Cats are more prone to hyperthyroidism as they age (though it can occur in younger cats), which causes them to lose weight/muscle mass, vomit more, vocalize more, and drink and urinate more regularly.
If your cat’s disease is diagnosed by blood tests, you can acquire the appropriate medicine to help reduce clinical signs and manage the condition.
Check out the reasons behind Cat Peeing Over Edge Of Litter Box
Should I Punish My Cat For Peeing Outside The Litter Box?
No, you should never punish your cat for peeing outside the litter box.
Punishing a cat for peeing outside the litter box is not acceptable.
Cats do not pee outside of their litter boxes for no reason, and punishing them for doing so confuses and harms the cat.
The cat owner must investigate why the cat is peeing on the carpet, rug, or furniture in the first place, and then take action to correct the condition.
Never penalize your cat for peeing outside the litter box since it will confuse and frustrate your cat while accomplishing nothing.
Instead, take your cat to the vet to ensure that nothing is wrong with them before attempting to figure out why they aren’t using their litter box.
You might also like to know why cats will pee but not poop in a litter box
How Do You Stop A Cat From Peeing Outside The Litter Box?
Here are some steps you can take to stop your cat from peeing outside the litter box: –
1. Schedule A Check-Up With Your Vet
The first thing you should do is schedule an appointment with your veterinarian.
They will examine your cat thoroughly and most likely test a urine sample.
Following that, they may need to perform some blood tests.
They can also provide you with advice on behavioral issues and recommend you to a certified behaviorist if necessary.
2. Look to break the habit
Once your cat has urinated in a particular location, they are more likely to return due to the odor, even if the underlying problem has been remedied. You can purchase pet-safe enzymatic cleansers that erase the odor of urine.
To assist stop the behavior, consider keeping your cat away from the area for a period of time, or relocating some furniture to cover the area for a while.
3. Clean Your Cat’s Litter Tray Frequently
Make sure to clean your cat’s litter tray on a regular basis. This entails picking up litter twice a day and cleaning thoroughly at least once a week.
You should have one litter box for each cat, plus one extra. This gives your cat a choice and increases the likelihood that one is clean at any given time.
4. Consider Adding Multiple Litter Trays
If your cat has diabetes or kidney illness, you may want to keep extra litter pans throughout the house so they don’t run out.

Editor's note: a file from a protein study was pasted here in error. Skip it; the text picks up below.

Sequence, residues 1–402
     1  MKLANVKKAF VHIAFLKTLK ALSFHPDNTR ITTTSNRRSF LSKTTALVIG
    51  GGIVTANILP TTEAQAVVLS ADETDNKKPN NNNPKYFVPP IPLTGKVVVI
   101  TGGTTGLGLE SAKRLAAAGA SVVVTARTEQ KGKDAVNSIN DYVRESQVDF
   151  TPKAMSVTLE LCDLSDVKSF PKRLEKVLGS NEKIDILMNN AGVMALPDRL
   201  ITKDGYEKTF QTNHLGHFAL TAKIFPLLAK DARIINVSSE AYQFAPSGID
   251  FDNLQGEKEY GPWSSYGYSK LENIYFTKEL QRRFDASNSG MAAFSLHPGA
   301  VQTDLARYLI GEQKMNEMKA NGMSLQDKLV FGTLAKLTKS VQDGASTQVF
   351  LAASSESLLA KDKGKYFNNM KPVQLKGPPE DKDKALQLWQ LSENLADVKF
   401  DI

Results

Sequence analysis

5. Create A Safe And Quiet Environment
Place the tray in a peaceful area away from your cat’s food and water dishes, where it will not be disturbed.
Place the tray in a corner so your cat can view what’s going on around them without having to turn around. This gives them a sense of security.
The litter tray should be large enough to allow your cat to fully turn around in it, roughly 1.5 times the length of your cat.
Most cats have a preference for the litter they were weaned on, so stick to the one they’ve previously used.
6. Try A Stress-Relieving Pheromone Spray
You may buy a variety of stress-relieving pheromone sprays, plug-ins, and natural supplements.
Check that they are suitable for cats! If you are unsure about which one is best for your cat, consult with your veterinarian.
Frequently Asked Questions
Does having multiple pets affects a cat’s peeing habits?
Peeing outside the litter box is more common in households with numerous cats, especially if one of them is a bully who keeps another cat from getting to the box. This is why you should have one litter box for every cat, and they should be in different rooms. If you have a timid cat in your home, make sure they have their own room and a litter box that other cats cannot easily access. If you have numerous cats, it is recommended to avoid covered litter boxes. Some cats may be put off by covered boxes since they can’t see whether another cat is nearby.
What is feline idiopathic cystitis?
Stress or a change in the environment causes this illness, not bladder stones, crystals, or bacterial infection. Cats are creatures of habit, so even minor changes, such as the location of their litter box or the type of cat litter, can cause worry. The urinary tract is a cat’s stress organ. It is the gastrointestinal tract in both dogs and humans. As a result, when cats are disturbed, they regularly urinate in unusual places or in small amounts, and in severe situations, they may even have blood in their urine. Keeping stress to a minimum, installing more litter boxes throughout the house, utilizing kitty pheromone “calming” diffusers/sprays, and, in extreme circumstances, attempting behavior modification drugs can all improve your cat’s and your own quality of life.
How to clean up after a cat has peed on the carpet?
When you discover the areas where the cat has urinated, properly clean them and apply an enzyme spray to remove the odor. These enzymes are available at pet stores and supermarket stores. If the pee is on the carpets, you may need to repeat the enzyme treatment to entirely remove the stench. You may also use a combination of lime zest and water to remove the order that has been caused by the pee of your cat on the surface of the carpet.
Litter box issues cannot be solved overnight, but they can be addressed. Each incidence must be treated in light of your cat and your surroundings. You must approach these issues holistically and ensure that all bases are covered.
If your cat is suddenly urinating outside the litter box, see your veterinarian first to rule out any medical issues. If your cat’s health is fine, you may want to consult with a cat behaviorist to assist you to work through the litter box issues.
If you have any questions, please leave them in the comments section.